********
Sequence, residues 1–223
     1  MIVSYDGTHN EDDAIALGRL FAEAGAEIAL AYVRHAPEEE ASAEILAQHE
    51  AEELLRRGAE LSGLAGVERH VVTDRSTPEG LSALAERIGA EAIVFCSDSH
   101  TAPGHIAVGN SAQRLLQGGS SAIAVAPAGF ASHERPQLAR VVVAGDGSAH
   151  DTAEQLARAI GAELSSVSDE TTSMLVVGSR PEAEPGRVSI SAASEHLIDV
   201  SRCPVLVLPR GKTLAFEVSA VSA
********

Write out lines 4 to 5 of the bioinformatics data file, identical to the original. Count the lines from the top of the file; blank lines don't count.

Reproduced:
   101  TAPGHIAVGN SAQRLLQGGS SAIAVAPAGF ASHERPQLAR VVVAGDGSAH
   151  DTAEQLARAI GAELSSVSDE TTSMLVVGSR PEAEPGRVSI SAASEHLIDV